On October 21, Paul J. Griffiths, Warren Chair of Catholic Theology at Duke Divinity School, came to Loyola University Maryland, and presented his “Identifying the Beloved in the Song of Songs” lecture, which relates to the theme of the darkness and love in John Milton’s “When I consider how my light is spent.” In his lecture, he teaches, discusses, and interprets the Song of Songs, as well as the Beloved, who it is written to. He describes the book as a love-lyric, a scriptural book, and a book about God all in one. He also goes into great detail about the speakers in the Song, most importantly the voice of the Beloved, as well as interoperating the Song figurally. The lecture was important because not only did it provide incite on the Song of the Songs, but it also created a connection between theology and our literature class. The love shown for the Beloved by the Delightful Man is the same love Milton shows for God in his poem “When I consider how my light is spent.” They are both devoted to their love and through their words describe how much they care for them.
Griffith’s “Identifying the Beloved in the Song of Songs” was divided into three parts: explaining what the Song of Songs is, a description of the voices in the Song, and interpretations of the Song. He went through all these ideas and explained them in thorough detail. He stated that the Song of Songs is love-lyric, as well as a scripture book about God. He believed the Song could be ready both literally and figuratively. The book talks about the relationship between the Beloved and the Delightful Man, the two main protagonists. It is a dialogue between the two, showing their true love for each other. Not only does it show the relationship between the two, but also Griffiths stated that there is also a metaphor involved in the Song. He believes that the Song stands for the love and relationship between God and the people of Israel. He stated that the Song is God talking to his people, telling them that they are good and beautiful, trying to increase their religious beliefs about Him. He believes this because it is a book of the Bible, and it does not have any religious symbolism, and therefore must be an allegory relating to God. Ultimately, Griffith stated that there are many ways to think about the Song of Songs. It is very easily interpreted in many different ways, but regardless of the interpretation, love is the major theme of the Song of Songs.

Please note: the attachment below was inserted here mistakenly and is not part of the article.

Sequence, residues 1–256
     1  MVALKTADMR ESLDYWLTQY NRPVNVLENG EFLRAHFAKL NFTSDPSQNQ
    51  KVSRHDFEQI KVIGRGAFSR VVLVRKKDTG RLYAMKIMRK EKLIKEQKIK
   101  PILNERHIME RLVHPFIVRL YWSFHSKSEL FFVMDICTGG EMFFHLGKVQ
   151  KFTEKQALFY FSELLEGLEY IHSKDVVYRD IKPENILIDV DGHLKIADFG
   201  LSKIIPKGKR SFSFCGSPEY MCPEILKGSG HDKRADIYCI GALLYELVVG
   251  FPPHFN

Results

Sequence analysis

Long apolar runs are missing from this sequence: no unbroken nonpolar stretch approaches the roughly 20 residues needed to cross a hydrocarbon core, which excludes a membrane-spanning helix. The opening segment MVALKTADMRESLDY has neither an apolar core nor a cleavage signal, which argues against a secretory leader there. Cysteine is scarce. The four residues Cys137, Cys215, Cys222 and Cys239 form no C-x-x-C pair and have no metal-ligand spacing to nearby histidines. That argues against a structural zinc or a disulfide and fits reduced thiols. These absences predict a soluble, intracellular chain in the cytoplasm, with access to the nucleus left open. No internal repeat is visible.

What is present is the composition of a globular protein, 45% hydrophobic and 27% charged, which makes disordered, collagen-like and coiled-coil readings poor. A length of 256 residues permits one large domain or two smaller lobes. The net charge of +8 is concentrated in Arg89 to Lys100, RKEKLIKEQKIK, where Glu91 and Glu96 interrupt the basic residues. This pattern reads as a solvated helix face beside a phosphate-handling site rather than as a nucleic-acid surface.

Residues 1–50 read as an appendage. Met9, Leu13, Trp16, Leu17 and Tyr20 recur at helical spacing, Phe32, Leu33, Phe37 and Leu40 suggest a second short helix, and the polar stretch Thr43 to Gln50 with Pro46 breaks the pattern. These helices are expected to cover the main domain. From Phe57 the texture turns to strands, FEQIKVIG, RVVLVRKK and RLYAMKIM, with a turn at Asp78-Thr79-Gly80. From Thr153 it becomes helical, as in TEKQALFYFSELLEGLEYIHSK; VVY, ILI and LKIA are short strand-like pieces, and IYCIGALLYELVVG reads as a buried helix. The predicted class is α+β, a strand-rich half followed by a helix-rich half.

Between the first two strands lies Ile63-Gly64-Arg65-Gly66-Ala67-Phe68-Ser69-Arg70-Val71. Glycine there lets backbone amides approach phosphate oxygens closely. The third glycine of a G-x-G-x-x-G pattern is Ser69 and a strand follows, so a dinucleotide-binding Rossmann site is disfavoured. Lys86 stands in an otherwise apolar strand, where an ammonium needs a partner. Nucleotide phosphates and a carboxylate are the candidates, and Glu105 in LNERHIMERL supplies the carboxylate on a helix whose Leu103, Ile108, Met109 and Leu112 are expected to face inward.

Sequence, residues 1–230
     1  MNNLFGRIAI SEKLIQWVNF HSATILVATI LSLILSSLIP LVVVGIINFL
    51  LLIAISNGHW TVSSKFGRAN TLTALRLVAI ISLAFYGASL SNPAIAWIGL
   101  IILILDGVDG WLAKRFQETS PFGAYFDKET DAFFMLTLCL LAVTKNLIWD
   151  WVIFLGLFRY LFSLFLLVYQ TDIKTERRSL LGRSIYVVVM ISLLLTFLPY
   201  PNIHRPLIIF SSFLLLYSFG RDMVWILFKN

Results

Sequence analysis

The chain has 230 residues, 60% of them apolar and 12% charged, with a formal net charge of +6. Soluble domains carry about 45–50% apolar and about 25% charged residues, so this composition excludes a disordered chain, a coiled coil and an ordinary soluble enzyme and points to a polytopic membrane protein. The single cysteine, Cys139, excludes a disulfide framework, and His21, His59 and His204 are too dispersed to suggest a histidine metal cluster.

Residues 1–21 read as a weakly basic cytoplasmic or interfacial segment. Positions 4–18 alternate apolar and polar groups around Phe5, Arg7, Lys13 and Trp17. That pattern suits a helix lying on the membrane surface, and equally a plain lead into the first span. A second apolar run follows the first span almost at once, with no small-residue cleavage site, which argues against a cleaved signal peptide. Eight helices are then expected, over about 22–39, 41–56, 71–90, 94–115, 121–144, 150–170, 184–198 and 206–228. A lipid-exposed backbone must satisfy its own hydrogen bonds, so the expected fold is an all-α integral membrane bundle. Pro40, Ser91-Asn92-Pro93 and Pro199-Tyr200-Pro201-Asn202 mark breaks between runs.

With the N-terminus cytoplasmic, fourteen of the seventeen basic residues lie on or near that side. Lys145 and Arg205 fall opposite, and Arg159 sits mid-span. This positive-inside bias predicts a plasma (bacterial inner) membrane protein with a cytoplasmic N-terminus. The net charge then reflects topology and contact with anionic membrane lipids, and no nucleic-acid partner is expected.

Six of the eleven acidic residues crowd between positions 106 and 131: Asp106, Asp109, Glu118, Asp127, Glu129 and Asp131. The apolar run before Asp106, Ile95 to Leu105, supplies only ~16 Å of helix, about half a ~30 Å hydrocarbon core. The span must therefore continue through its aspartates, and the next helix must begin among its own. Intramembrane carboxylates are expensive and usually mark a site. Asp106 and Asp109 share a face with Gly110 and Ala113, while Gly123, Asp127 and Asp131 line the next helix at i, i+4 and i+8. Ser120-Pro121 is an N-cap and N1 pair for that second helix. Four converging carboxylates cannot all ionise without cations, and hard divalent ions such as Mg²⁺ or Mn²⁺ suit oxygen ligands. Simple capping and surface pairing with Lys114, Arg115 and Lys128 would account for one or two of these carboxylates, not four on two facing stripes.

The theme of love for God is also a major part of John Milton’s “When I consider how my light is spent.” The poem is about how the speaker is blind and wants to serve good. Because of his blindness, he is not able to, and is very distraught about it. His blindness is ruining his life, and he begins to cry out to God. He loves God so much that he will do anything to serve him. God then speaks to him and says that he does not have to run around and preach the word of God to serve Him. God states that he can wait on him by his side and still be able to enter heaven. Ultimately, the poem is about how bad the speaker wants to serve God. He wants to be with Him in eternity, and serve him forever. This is just like the Song of Songs, as it is a love-lyric. It literally describes the speaker’s love for God. It is also like the Song of Songs because it provides an allegory. The allegory is that to get into heaven, one must serve God in anyway possible, just like the allegory in the Song of Songs is so people are also able to get into heaven by worshiping God. These two ideas provide a perfect connection between the two pieces of literature.
The lecture by Griffiths’s and “When I consider how my light is spent” both have the same main ideas. There is a solid connection between the two, ultimately allowing for cohesion between the two subjects. This truly provides for a liberal arts education, something the Jesuits hold in high regards.